Has an investor ever told you it’s too early and they want to keep watching you for future investment opportunities? Or you need more traction with customers or users? One of the reasons is because companies pivot a lot when they learn their original model doesn’t work well enough and most companies FAIL when they pivot. TURO, on the other hand, didn’t fail! They are now worth over half a billion and recently raised another $100m.

Here is what their CEO shared as the Five pointers for pivoting:

1. Take a good, hard look at your data. In this day and age, that may seem like a no-brainer, but I mean it. Dig in, see what it tells you, and don’t let your emotions get the best of you. If something’s clearly not working — even if it’s something in which you’ve invested a lot, personally and financially — be honest about whether it’s best for the business.

2. Talk to your customers. They’ll give you some of the best insights into your product, especially into areas where you’ve become blind. And become one of your customers — data is only as rich as the experience that drives it.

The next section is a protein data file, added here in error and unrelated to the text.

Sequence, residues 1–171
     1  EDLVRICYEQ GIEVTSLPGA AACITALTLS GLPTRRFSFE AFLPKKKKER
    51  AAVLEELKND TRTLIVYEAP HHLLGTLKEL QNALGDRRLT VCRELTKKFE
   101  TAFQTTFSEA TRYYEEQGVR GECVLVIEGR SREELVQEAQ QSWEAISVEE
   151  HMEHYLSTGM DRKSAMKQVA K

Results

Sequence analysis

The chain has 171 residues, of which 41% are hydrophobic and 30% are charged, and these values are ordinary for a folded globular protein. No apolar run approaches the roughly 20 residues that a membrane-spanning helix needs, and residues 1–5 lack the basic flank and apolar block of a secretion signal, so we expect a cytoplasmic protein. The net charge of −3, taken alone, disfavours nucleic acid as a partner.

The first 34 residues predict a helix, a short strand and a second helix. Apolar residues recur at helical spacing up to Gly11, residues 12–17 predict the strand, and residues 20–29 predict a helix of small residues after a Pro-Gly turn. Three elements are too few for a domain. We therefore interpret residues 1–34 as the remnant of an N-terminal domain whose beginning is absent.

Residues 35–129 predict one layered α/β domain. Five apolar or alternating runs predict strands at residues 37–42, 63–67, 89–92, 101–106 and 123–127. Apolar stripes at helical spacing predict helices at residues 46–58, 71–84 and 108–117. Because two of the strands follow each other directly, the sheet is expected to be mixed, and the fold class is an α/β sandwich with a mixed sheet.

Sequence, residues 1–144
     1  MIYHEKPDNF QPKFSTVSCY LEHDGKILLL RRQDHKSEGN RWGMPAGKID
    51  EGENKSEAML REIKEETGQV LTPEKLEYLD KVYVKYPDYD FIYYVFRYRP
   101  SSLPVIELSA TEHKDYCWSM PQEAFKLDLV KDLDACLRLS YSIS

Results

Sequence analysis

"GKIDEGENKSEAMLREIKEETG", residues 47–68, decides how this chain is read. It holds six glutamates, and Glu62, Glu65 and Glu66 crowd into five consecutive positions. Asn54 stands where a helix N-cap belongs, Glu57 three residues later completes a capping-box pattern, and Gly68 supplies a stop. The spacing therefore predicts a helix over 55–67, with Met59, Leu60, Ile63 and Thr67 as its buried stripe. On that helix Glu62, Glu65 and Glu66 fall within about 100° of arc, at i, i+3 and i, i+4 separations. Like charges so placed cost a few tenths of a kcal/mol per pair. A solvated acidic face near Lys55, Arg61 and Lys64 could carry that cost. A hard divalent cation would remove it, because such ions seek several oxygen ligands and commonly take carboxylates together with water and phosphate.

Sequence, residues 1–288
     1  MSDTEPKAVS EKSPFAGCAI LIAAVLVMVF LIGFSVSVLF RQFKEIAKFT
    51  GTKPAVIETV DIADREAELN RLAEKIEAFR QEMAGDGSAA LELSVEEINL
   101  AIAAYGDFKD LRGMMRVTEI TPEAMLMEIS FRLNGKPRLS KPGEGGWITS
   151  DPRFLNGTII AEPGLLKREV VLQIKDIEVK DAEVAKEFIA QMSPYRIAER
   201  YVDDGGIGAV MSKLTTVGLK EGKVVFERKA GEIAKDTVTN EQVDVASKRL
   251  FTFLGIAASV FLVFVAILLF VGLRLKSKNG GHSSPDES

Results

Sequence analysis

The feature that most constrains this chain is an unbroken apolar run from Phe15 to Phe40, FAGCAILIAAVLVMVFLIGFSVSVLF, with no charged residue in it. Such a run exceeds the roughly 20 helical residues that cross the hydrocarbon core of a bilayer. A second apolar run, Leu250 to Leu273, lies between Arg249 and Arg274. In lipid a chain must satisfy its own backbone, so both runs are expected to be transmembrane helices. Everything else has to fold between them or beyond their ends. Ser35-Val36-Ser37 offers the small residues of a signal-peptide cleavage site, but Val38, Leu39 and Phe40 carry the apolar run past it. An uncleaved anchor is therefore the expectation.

3. For a pivot to be successful, it’s critical to get buy-in from the entire team. You may need to pitch it, prove it, and really sell it to your colleagues; without their support, there will be mutiny. From well-aligned skillsets to a confluence of purpose and direction, everyone must be aligned.

4. It’s also critical to execute staffing changes with courage, honesty, and humility. Your ego and the egos of your colleagues aren’t as important as the success of the company — which is the reason you all came together in the first place. Pivoting is an exercise in self-effacement that really forces you to separate the self from the company.

5. Stay true to your mission. Tactics come second. The mission is the soul of your business, and it’s important to cultivate an internal and external culture dedicated to the mission. Though we changed the fundamental trajectory of our business over five years ago, we made a herculean effort to keep its soul squarely intact. And what could have been a capsizing moment became a buoyant one that didn’t just gel the team, but charted the course for a new direction!

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